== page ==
17 October 2018

Interaction- Dr. E. Sreedharan, Principal Adviser, DMRC, a.k.a. METRO MAN OF INDIA

The country needs a sound Metro policy

DR. E. SREEDHARAN, PRINCIPAL ADVISER, DMRC, a.k.a. METRO MAN OF INDIA in an exclusive interview to CONSTRUCTION OPPORTUNITIES spoke about his current role and how India needs to bring about a metro revolution.

 

Which are the various metro projects you are currently involved in/overseeing in India?

On behalf of DMRC I am directly handling the 24 kms long Kochi Metro project. Work on this project started in June 2013 and 18 kms commissioned by July 2017. Remaining 6 kms are expected to be completed by June 2019.

Until February 2018, I was also handling the Light Metro Project at Trivandrum and Kozhikode. DMRC has since withdrawn from these two projects as the State Government is not taking sufficient interest and initiative.

I was the Advisor to Andhra Pradesh Government for the Vijayawada and Vishakhapatnam Metro projects. I have withdrawn from these two projects since January 2018.

I am assisting Uttar Pradesh Government in regard to Metro projects in Lucknow, Kanpur, Varanasi, Meerut, Agra, and Gorakhpur of which Lucknow project is progressing fast. The other projects are yet to be cleared by the Government of India.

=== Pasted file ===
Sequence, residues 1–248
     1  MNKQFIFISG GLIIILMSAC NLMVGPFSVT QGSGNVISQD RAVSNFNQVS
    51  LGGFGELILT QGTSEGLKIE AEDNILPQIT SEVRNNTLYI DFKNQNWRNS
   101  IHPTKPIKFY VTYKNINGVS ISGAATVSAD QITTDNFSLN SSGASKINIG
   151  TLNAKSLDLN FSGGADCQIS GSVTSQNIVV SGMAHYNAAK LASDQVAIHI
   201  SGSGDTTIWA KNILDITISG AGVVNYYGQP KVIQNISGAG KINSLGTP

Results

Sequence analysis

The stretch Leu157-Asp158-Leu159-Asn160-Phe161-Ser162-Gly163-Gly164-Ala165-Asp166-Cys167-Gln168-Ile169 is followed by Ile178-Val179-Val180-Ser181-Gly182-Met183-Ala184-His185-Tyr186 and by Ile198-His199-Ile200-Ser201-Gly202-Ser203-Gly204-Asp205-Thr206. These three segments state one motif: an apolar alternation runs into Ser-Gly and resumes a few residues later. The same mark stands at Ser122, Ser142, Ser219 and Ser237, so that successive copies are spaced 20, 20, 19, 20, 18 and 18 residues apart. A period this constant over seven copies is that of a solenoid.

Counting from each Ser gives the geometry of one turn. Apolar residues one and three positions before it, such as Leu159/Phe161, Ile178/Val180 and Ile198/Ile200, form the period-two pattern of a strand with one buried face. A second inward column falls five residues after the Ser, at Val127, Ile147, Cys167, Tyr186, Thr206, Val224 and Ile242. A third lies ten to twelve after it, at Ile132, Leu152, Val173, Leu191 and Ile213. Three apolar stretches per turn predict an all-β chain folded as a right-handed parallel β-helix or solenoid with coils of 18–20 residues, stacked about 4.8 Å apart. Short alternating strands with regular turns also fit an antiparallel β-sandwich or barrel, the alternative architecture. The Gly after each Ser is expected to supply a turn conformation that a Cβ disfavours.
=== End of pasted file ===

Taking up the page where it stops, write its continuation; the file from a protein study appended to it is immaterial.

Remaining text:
The Line No.III of Mumbai Metro Rail Corporation from Colaba-Bandra-SEEPZ also takes my technical assistance whenever there is a problem. Apart from the above Metro projects, I am assisting the National Capital Region Transport Corporation in executing the rapid transport rail network from Delhi to Meerut, Alwar, and Panipat. Tenders for the Meerut line have been floated.

A Detailed Project Report for a High-speed Railway line 460 kms long with a speed potential of 350 kms per hour from Trivandrum to Kannur in Kerala State is under consideration of the Government of Kerala for which the Detailed Project Report was prepared by DMRC under my direction and supervision.